Still, the first side is about 3/4 done – and that’s taken a day and a half – more or less. So hopefully a good week should see most of the house finished. Only… of course… we bought an insufficient amount, and there’s no more in stock. So that should be interesting.
Now I know, a lot of you are probably thinking “but they just went on holiday in April” – which is true. But there’s definitely a difference between a holiday of seeing family and friends, and a holiday of wandering around in a wholly relaxed manner and reading books and disconnecting from the online world.
And not to be whiny (although I am, quite), we were both knackered. We haven’t been taking days off – and working on the house every day had taken it’s toll. We were both struggling – and so a week hiding in the Oregon countryside was the plan.
We hopped in the i3 and headed down… the same day as the Nazi / Patriot Prayer rally in Portland. Which was just peachy timing. Thankfully, there’s a new charger off I-5 in Longview, so we slid down that way and only got a pathetic wanker staring us down once. Otherwise the journey down was uneventful (but that charger is only 25kW, not 50kW, so it takes a while to fill up our i3). Annnnyhooo.
So we got down to Eugene, found ourselves in a very nice quiet cabin, tucked up in the treeline in a valley at a little smallholding. Eugene turned out to be a very us kind of city… the first day we found a coffee shop that served French Toast and made our appointments for the massage the next day. And then we had an incident involving the Eugene House of Records…
Which unsurprisingly led to more music being at home with us. Funnily enough, we couldn’t listen to any of it, as the car lacks a CD player, and the cabin had no record deck.
We pottered around Eugene, poking at stores and generally relaxing, before heading over to see the y free-in-the-park production of A Midsummer Night’s Dream, which we enjoyed with fresh Strawberries :)
We pottered to various shops, had a massage, ate yummy pastries, visited Eugene Pride, had a good look around the U of O art gallery (which is really bloody good), and the Maude Kerns art center (which had a cool exhibit on). We pottered out to see waterfalls, and wandered some not-terribly-hard trails through dry-as-crisp woodland. We watched bats through the window, dipped ourselves in a stream and let the water run over us as the sun crept across the sky. We read, listened to music, mimicked ducks and turkeys.
We mooched around the farmer’s market and bought wine made from Oregon Grape. We toured a winery and tasted wine from three wineries. We sat and watched a covers group while we ate wood fired pizza at a winery as the sun slowly set.
We saw a
South American Mexican dance performance (shades of Germany and Spain, it’s fascinating), and wandered around the Portland Japanese Garden on our way home.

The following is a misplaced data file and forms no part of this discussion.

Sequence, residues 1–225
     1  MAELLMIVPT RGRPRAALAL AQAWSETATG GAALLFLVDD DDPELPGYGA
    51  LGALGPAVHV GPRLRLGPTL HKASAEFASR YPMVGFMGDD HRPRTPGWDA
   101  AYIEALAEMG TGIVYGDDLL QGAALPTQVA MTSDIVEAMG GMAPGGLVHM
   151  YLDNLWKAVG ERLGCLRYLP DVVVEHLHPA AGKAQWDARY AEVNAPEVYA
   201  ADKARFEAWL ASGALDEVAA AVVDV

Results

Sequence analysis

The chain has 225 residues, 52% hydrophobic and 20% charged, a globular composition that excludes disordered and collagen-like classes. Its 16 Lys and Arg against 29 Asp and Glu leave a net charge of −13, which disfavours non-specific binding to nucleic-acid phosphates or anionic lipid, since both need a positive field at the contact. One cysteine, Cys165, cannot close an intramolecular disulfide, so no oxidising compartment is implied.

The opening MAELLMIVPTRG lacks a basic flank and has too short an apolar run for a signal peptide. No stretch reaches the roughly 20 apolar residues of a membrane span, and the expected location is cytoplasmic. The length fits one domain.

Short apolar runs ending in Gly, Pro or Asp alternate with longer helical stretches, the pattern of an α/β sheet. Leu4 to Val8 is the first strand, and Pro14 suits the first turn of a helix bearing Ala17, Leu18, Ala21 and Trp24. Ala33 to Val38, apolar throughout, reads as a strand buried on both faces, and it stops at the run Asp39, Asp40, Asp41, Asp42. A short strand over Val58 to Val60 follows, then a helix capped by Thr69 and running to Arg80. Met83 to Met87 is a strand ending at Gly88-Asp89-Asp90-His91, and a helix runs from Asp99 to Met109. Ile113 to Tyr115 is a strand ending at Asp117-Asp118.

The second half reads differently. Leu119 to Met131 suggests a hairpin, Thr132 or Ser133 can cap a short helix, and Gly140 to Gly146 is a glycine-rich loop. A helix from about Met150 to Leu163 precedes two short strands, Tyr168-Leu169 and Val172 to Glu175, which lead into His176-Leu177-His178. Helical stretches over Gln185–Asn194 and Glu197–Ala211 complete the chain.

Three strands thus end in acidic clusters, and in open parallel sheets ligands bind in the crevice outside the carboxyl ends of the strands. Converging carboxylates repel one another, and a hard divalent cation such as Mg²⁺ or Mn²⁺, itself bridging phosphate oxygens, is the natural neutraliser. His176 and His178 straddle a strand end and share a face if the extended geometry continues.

Photos are here: https://www.flickr.com/photos/49965961@N00/albums/72157699817719774/with/43972979932/ for those who are interested :)
I should be using these few hours between shopping for food and cleaning the house, and Kathryn getting home from work for working on our house. I should be. I should be because I ran through shopping this morning having scrubbed the bathroom, washed up, dusted.
I flew downtown, having stopped off to drop off the recycling (and failed to get my laptop battery recycled, because Target has device recycling, not battery recycling, which I always get wrong). I ran through the shops we use, and the local farmer’s market.
I barely paused to say hello when my friends were playing (Pinniped) and didn’t stay to hear them play – which makes me feel worse about the fact that when I got home and ate lunch, I crashed. I am so, so tired. We’re pushing (and pushing) and have been pushing to try and get to the first formal inspection. That covers framing, electrical and plumbing rough in.
We’re so close I can almost taste it.
But it has meant that we’ve been working far more than is reasonable, especially given the temperature. With the outside temperature often being at around 30c / 86F or more, the inside has been up to around 40C / 104F. Indeed I recall seeing 42C on our thermometer. And that’s at ground level. Up in the attic, which is where the vast majority of our work has been it’s way hotter. Yesterday, while I was outside, I was outside at a temp of more than 30 degrees C and working on the house from 8am to 6pm.
And while it does mean there is progress – lots of it. It also means that perhaps I should listen to my body when it informs me that it is time to rest. Now.
We have a hole full of gravel for a shed base courtesy of me driving an excavator for the first time ever*. We also have a hole for the IBC tote to capture rain water, and the buried barrel – which it turns out was just really the lid and a few remenant bits of rusting side – has been dug out. Also the metal pole that was the washing line has been removed (it’s not where we want a washing line). We’ve also done some pre-emptive digging for what will be our raingarden.